Similarly, Kirsch and other Sterling analysts--who sometimes short the stocks on their "sell" list--are underwhelmed with products in the pipeline at AstraZeneca (AZN), a British drugmaker whose American depositary receipts trade on the New York Stock Exchange. Among other things, the Sterling crew doesn't share analyst enthusiasm for the company's new cancer drug, Iressa, or its Crestor cholesterol drug. Kirsch believes the company's ADRs, now trading at about $40, could fall back to the $30-to-$32 range.
Equally bearish views of drug-launch prospects have also prompted Kirsch to issue sell recommendations on a bunch of other drug companies, large and small. They include the Nasdaq-traded Biogen (BGEN). Kirsch feels brokerage house analysts are being overly upbeat about Biogen's Amevive psoriasis drug. A Biogen spokeswoman says the company doesn't comment on analyst opinions.
Pharmaceuticals are also on the sell list of noted short-seller Manuel Asensio, known for his vociferous, sometimes litigation-producing research reports. Asensio is particularly sour on PolyMedica (PLMD), a Woburn, Mass., medical-supplies company. In April, its shares soared after it announced an unconventional bit of good news--that the Securities & Exchange Commission had ended a probe of its accounting practices and public disclosures without taking any action. But, according to the company, a Justice Dept. investigation continues. PolyMedica has strongly denied any wrongdoing, but Asensio believes that its risk profile is far too high, to say the least. He is shorting the company, now trading at about 26, in the belief its shares will plummet.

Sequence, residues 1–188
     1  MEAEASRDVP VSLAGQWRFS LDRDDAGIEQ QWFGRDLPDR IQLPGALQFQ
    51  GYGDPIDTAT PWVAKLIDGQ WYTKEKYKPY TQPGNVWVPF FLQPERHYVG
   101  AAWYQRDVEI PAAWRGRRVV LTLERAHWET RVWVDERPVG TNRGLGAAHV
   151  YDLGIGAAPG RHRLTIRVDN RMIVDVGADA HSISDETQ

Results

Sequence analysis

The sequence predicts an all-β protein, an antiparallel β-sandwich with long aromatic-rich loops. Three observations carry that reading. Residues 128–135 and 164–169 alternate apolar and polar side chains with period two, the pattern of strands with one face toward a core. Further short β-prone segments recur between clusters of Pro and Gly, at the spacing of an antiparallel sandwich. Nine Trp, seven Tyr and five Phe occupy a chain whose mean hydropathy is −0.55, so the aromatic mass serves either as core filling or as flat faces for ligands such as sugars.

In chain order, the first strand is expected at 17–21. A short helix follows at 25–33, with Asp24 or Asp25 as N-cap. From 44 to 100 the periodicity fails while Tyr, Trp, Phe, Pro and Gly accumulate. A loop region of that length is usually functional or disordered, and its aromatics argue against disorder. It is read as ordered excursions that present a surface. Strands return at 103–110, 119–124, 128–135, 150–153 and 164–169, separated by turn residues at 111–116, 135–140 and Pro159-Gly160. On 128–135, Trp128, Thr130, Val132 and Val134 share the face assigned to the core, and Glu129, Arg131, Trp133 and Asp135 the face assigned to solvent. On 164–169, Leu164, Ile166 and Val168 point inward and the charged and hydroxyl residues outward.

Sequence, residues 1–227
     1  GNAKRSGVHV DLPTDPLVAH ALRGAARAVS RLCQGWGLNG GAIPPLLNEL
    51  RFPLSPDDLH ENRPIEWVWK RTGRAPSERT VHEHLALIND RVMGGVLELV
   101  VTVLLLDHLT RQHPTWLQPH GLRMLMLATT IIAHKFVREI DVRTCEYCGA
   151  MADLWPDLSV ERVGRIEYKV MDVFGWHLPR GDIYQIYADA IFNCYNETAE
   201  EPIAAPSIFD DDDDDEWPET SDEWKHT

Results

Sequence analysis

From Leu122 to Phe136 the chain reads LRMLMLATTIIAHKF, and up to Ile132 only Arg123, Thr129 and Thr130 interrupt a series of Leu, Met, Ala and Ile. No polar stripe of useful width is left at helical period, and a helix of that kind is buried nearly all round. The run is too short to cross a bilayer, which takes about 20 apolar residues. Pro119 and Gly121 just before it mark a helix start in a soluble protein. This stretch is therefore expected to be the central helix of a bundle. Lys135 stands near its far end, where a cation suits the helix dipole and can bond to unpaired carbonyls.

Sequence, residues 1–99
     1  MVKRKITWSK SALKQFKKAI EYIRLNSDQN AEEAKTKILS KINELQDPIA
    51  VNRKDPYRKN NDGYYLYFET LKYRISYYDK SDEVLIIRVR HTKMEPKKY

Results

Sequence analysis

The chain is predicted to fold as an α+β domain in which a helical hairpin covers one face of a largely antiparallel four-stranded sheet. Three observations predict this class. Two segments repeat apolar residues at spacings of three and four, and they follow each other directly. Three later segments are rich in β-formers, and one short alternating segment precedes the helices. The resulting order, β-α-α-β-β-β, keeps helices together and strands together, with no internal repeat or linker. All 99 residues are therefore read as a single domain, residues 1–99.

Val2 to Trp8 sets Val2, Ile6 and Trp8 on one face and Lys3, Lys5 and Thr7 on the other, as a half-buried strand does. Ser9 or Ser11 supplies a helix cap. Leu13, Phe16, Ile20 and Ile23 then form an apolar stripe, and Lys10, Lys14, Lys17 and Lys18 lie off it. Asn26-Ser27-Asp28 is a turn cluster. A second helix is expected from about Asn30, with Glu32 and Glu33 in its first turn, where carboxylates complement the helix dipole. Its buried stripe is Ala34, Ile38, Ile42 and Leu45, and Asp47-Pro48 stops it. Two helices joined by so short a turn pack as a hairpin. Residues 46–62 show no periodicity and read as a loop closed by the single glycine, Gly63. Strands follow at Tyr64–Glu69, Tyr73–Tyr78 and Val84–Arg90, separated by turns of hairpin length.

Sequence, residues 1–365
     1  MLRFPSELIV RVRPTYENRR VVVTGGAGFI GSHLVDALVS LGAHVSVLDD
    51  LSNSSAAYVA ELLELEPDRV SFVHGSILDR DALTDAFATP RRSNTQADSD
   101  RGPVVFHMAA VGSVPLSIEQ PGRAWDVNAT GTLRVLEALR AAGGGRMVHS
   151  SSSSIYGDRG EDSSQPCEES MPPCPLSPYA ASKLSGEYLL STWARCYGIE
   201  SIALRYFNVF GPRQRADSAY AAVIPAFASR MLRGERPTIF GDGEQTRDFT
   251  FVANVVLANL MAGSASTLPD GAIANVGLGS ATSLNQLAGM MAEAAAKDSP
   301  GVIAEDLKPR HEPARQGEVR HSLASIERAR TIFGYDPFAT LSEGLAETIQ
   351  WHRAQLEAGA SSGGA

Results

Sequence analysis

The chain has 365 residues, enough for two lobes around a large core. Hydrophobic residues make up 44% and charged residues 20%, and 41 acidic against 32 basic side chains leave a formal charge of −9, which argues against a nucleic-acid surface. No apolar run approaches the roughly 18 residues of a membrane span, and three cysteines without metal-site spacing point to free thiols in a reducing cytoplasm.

Asensio also "likes" (in the strictly negative sense) San Diego-based Qualcomm (QCOM), which sells wireless hardware and systems. Like the drug companies on Kirsch's sell list, Qualcomm is a favorite of analysts and recently was the subject of a flattering profile in Barron's. Asensio believes that the company, with its price-earnings ratio of 33, is grossly overvalued, even though its shares are down almost 40% so far this year. "It's one of the last remaining irrationally exuberant stocks in the market," he says. Asensio figures that Qualcomm, now trading at about $30, will fall to well below its 52-week low of $25.